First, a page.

Welcome to 40four.co.uk                                                                                                                                                                              44th Aberdeen Boys' Brigade Company


The Anchor Boys programme is packed with games, crafts, music, stories and activities specifically aimed at their age. The Anchor Boys offers for many the first chance to work together, to co-operate in a joint activity and to work (or play) as a team. Boys therefore spend a majority of the evening doing activities through the 5 core types of play. The Anchor Activity Scheme is a new addition to the programme for Anchor Boys. The aim of this scheme is for Boys to gain their awards as they take part in the usual section programme. The activity Scheme uses materials under the 5 following headings:


Body - Fit for Fun
Variety of games and physical activities


Mind - Think and Do
Puzzles, quizzes, thinking games, treasure hunts, hobbies and collections.


Spirit - God and Me
Devotions, prayers, bible stories, characters & Christian Festivals.


Community - Me and my World
Conservation, the local community, the church and helping others.


Creativity - Make and Do
Crafts, simple cooking, mime and drama.














Children of this age are developing rapidly. There are big changes in a child's mental, emotional, social and physical development. However, all children are different and have a variety of needs. The relationships formed with children at this age can be important in assisting them to achieve a sound sense of personal and group identity.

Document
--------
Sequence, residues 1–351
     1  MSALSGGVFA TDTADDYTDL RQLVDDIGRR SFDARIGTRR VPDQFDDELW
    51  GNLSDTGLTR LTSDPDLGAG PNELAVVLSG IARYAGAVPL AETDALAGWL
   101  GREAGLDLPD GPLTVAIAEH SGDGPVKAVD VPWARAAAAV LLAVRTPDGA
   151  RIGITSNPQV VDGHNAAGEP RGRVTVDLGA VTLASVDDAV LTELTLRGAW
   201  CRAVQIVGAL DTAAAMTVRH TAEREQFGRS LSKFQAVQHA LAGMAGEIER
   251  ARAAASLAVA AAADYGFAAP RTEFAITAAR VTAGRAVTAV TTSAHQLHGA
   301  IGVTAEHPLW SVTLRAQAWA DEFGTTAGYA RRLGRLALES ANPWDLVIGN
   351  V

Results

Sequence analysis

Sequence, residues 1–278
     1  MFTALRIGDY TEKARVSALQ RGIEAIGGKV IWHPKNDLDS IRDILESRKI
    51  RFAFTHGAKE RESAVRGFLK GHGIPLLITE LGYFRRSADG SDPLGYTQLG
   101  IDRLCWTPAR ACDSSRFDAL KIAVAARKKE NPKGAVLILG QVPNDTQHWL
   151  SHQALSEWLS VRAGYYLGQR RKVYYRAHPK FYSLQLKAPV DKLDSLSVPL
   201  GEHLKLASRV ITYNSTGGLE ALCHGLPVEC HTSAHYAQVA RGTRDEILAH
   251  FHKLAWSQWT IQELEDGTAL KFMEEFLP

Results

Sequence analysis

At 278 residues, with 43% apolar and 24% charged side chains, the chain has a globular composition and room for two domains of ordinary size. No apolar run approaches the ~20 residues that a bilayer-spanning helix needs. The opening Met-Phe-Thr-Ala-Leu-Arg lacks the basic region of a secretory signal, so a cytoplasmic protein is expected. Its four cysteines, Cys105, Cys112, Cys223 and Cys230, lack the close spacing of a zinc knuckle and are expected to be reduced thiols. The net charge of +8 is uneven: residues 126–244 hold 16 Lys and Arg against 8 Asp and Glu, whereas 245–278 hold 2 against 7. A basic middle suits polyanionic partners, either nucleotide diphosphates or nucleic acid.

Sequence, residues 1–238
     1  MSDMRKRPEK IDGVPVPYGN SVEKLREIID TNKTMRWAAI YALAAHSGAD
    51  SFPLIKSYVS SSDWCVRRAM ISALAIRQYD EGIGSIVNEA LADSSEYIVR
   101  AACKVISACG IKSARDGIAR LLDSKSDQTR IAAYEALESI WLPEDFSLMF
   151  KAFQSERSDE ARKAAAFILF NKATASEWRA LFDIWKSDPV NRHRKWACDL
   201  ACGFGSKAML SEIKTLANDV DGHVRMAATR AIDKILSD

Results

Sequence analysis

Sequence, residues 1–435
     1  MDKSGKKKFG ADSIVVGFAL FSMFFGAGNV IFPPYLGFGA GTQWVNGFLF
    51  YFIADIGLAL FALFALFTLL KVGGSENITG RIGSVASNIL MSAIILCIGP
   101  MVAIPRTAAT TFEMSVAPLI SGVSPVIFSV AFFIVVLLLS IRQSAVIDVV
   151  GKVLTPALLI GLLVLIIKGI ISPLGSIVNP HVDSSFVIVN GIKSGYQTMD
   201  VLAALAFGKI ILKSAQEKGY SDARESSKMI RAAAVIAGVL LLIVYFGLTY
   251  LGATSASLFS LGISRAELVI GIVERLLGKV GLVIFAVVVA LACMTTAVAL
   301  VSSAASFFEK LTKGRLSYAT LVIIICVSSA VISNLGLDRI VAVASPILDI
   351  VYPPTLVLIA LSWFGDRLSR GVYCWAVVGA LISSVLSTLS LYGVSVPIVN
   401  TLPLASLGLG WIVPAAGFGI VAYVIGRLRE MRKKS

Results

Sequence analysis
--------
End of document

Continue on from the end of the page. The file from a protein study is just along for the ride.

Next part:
The Anchor Boy programme will provide a wide variety of different activities including:

  • Learning new skills: the dexterity required for arts and crafts and following simple instructions for games and activities.
  • Developing confidence: given opportunities to do things for themselves, praise for good behaviour, taking part in simple role-play, mime and drama.
  • Developing physical skills: co-ordination games, hopping, skipping and balancing games.
  • Developing independence: being given simple choices of activities, special trips and visits.
  • Developing a group identity: belonging to a group, going on trips as a group, taking part in group activities.
  • Developing an awareness of the needs of others: learning to share and co-operate.
  • Developing a personal identity: learning about how we are all different, looking at the different needs and interest of others.